Sascha: [00:01:23] So thanks for having me today, guys. I know that I'm a bit of an interloper like you. Normally it's just a two person thing. But as you said, I thought it would be a great time to take this opportunity to ask you a couple of burning questions that obviously the community has and also I do. So we're going to be doing this across two weeks. The first episode today, I'm going to be asking you all about burning, investing questions, and then next week we can go more into the personal questions side. So I'm giving you a bit of time. Just work out how much you want to reveal what's going on. But are you ready? Are you ready to answer all our community question? Let's do it. So the first question that we had from our community is some Birkerts let you buy partial U.S. shares. Does this mean you don't really earn them? I think this is a really great question, because I know personally that I own a few things through steak and I just put in and money. No, like I think I put in like one thousand. And so it allocated me like four point sixty five shares of something. And I didn't bother to kind of think about what that meant. I just was happy for the water to be fulfilled of however much I could buy for that thousand. So what does that actually mean when it's when I've got those partial shares? [00:02:41][78.8]

Maddy: [00:02:42] Yeah. So I think you are referring to fractional share investing that. But I want to just step it back really quickly to remind everyone of the difference between chess and cassiterite. Yamoto So chess sponsorship means that you're holding the shares in your name. And to do that you're a save a pin number and the shares are associated with your hand, which is your personal sort of identification number. On the other hand, you have the custodian model and that means you don't own the shares directly in your name, but they're held under custodian for you. So the way I understand it is that all Australian brokers that have us share trading on it, whether it's fractional or not, which is what you were talking about before, they are held actually on a custodian model. So that just means that they are held on trust. And you Agnes's lack legal terms, JÖRG, and definitely not our domain, but it means that you're the beneficial owner and not the legal owner. Yeah. [00:03:40][58.0]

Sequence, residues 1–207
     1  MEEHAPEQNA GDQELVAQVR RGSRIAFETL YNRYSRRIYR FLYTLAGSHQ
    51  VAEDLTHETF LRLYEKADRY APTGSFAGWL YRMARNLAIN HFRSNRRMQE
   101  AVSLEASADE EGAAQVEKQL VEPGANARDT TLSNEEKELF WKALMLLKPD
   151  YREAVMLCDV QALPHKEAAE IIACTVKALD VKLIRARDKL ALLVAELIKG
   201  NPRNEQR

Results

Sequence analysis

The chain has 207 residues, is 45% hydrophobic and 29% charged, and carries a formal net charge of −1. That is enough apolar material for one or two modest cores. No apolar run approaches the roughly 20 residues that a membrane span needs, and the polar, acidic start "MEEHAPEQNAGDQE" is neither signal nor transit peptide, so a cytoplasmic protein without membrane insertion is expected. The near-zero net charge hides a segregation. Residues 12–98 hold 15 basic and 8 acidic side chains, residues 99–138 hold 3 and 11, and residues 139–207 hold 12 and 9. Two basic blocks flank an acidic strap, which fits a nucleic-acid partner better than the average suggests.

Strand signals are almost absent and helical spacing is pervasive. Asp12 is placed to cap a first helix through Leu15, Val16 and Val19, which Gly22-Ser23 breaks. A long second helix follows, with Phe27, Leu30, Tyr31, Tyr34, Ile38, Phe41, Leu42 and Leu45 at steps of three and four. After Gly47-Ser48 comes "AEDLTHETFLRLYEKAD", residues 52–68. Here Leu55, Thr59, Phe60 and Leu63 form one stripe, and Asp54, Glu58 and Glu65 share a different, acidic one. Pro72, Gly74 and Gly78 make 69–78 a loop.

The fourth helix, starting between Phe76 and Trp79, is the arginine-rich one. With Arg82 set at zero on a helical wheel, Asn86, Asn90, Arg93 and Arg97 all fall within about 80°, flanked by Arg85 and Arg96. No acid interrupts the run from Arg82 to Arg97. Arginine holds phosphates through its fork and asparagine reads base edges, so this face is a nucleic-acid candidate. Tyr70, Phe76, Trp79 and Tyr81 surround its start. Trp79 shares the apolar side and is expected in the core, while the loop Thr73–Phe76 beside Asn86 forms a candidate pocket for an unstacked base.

Sophie: [00:03:40] So when it comes to the fractional shares, meaning you might own part of a share and not the whole share, it means that you've got that custodian, the person that owns all of the shares on behalf of everyone. And then that's why they can break it up onto that custodian model. It's not like in the chess model when you actually own the shares that, you know, Sophie owns half a share and Maddie owns the other half of the share in this one. The custodian owns everything. And then that's why they can break it up. So you you don't own them under your name, but you still own them through the custodian model. [00:04:11][30.6]

Sascha: [00:04:12] I just want to ask you both, a lot of people get worried about not having your hand and stuff, but these companies, like Australia, has a lot of paperwork and like systems that to be a broker, you have to be proving that you're judging people's names. And if a broker did go under, that's a risk that I hear people are worried about all the time. But we do live in a country where there are rules and regulations to be in place in case that happens. Is that right? [00:04:41][28.8]